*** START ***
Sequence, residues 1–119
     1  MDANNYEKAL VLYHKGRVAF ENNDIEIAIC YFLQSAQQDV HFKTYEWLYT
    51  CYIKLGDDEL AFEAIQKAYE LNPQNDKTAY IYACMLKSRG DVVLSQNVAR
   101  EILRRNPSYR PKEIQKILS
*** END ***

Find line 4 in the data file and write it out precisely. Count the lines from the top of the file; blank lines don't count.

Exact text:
   101  EILRRNPSYR PKEIQKILS